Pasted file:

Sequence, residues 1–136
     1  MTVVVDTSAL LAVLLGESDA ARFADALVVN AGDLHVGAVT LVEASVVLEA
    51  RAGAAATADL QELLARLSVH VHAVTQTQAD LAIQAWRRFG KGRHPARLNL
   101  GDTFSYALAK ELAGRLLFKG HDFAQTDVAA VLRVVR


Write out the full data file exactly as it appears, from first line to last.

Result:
Sequence, residues 1–136
     1  MTVVVDTSAL LAVLLGESDA ARFADALVVN AGDLHVGAVT LVEASVVLEA
    51  RAGAAATADL QELLARLSVH VHAVTQTQAD LAIQAWRRFG KGRHPARLNL
   101  GDTFSYALAK ELAGRLLFKG HDFAQTDVAA VLRVVR